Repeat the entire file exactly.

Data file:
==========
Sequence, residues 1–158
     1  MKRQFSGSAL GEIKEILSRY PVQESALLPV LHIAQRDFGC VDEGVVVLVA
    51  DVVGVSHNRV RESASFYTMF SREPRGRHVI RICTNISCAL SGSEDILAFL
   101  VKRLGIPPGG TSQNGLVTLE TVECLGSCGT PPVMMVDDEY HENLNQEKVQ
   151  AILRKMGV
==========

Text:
Sequence, residues 1–158
     1  MKRQFSGSAL GEIKEILSRY PVQESALLPV LHIAQRDFGC VDEGVVVLVA
    51  DVVGVSHNRV RESASFYTMF SREPRGRHVI RICTNISCAL SGSEDILAFL
   101  VKRLGIPPGG TSQNGLVTLE TVECLGSCGT PPVMMVDDEY HENLNQEKVQ
   151  AILRKMGV